In these weeks when the leaves burn red and orange and the dim cover of twilight cuts too soon into the day, it is greens that give us hope. We plant them at the end of summer, an act of faith that even as the light goes and the cold wraps around, we will survive–and thrive. We see bright leaves of buttercrunch and big wings of collards growing in fields and next door and across the street, and they are an irrefutable proof, right before our eyes, of a life force that cannot be contained. Indeed, the frost makes them sweeter. Sometimes, we harvest them in the dark. What greater statement of faith could there be?
Most people I know celebrate the farmers’ markets in the summer, when cucumbers grow like party balloons and we are deluged with tomatoes as if caught in a Spanish tomato fight. Those are great days, all right, but nothing like the thrill I have now when I wander the dwindling market stands and find the ones that are bursting with a fall harvest. Instead of sulking at the thought of hydroponic pods and cringing over chemical fruit cocktails from another hemisphere, we are livened by local collards the size of diesel engines and salad mixes that invoke flavors as subtle as any wine.
Last week, at the Durham Farmers’ Market, many of the booths were rich with all kinds of greens. There were the standards–collard, mustard, turnip, kale, cabbage, salad, spinach. Even among those there were rich varieties: baby turnips with the most perfect, creamy white little bulbs, and sorrell, lemony to the taste, that melts like ice cream when sauteed in butter to bed under a piece of fish. And there was a bright sprig called creasy salad, a country favorite that one old gent told me smoothes his mustard and turnips when he cooks them all together. NCSU calls it upland cress.
As bitter as greens are when not cooked (and spicy when judiciously mixed in a salad), they are sweet as candy when cooked, slowly, in fatback or bacon grease or olive oil and garlic. And you can drink the pot liquor, a power drink unmatched by any protein shake.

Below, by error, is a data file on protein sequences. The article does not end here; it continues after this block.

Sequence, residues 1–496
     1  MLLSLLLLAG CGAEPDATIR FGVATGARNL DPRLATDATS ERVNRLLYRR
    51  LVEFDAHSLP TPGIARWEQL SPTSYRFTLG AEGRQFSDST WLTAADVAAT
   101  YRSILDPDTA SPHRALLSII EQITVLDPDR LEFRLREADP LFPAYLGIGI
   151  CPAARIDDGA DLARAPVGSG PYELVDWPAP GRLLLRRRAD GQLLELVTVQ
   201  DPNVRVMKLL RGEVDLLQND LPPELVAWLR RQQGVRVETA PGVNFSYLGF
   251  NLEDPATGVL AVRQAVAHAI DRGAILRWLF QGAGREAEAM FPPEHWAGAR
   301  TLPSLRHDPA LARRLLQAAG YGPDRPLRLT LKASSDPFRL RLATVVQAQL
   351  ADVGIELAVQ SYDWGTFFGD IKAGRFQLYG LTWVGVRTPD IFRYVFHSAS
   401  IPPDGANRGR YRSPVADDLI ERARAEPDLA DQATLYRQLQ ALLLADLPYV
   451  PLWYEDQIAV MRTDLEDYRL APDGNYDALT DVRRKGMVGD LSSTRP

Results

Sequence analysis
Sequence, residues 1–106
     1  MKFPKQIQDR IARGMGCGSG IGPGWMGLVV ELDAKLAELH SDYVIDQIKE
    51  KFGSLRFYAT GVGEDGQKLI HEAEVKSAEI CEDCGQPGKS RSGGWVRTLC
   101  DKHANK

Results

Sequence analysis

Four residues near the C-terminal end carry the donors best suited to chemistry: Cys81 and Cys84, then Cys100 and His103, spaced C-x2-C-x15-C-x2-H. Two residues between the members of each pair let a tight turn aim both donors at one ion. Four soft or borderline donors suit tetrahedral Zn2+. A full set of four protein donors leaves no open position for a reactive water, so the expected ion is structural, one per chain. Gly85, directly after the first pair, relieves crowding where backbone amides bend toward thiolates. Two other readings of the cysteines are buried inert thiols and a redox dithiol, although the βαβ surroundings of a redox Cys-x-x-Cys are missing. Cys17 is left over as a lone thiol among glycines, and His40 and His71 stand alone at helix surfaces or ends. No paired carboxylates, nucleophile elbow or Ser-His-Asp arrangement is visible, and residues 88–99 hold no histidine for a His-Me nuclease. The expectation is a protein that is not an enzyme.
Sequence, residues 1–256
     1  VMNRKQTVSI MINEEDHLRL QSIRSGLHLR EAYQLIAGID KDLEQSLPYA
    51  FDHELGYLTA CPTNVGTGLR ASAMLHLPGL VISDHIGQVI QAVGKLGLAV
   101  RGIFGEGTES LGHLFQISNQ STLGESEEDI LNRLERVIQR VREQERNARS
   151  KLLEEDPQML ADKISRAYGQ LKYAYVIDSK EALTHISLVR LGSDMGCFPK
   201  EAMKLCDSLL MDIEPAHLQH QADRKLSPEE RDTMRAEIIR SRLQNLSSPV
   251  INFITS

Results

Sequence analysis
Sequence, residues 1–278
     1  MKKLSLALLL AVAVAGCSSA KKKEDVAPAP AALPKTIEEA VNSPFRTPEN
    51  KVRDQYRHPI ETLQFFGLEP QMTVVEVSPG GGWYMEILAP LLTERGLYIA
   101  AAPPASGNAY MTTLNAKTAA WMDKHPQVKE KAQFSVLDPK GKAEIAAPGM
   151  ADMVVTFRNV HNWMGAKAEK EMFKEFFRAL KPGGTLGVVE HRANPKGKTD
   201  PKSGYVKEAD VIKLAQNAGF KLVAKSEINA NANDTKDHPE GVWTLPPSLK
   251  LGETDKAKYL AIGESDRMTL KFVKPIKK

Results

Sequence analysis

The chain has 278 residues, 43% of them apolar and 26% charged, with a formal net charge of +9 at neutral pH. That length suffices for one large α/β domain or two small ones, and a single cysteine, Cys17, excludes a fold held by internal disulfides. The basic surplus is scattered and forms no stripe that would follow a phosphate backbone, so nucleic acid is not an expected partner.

So, when all else is dark and most plants are losing their leaves, remember that greens are fresh and crisp and young. As winter presses on, they will bear up, patiently waiting for the thaw. When the new year arrives, they will warm us and bring us luck and wealth.
This Saturday is the last weekend of the Durham Farmers’ Market. But others continue– the State Farmers Market in Raleigh is open every day, year ’round, and the Carrboro Farmers’ Market is having special hours from 2-6 p.m. this Tuesday for Thanksgiving. Get your greens now, before the light and warmth return and make us forget the days when we missed them.
There are all kinds of old-fashioned and nouvelle ways to cook greens. But here’s my favorite. You can substitute any greens you want.
Mary Beth Boney’s Collard Greens
Wash your collards 3 or 4 times in fresh water, draining them each time. (There’s nothing worse than gritty collards.) Then strip the leafy part from the stems and throw the stems to the chickens, if you got any. In a large pot fry down 1 lb. of fatback, thick bacon, or ham chunks til brown. Then add collards. Stir and fry all this until collards start to wilt. Add 2 cups of water and cook until tender. Add more water if necessary. Some people like a spoon of sugar in the water to sweeten the greens. Stir frequently on medium heat so they don’t burn.
—White Trash Cooking, By Ernest Matthew Mickler, Ten Speed Press, Berkeley, Calif.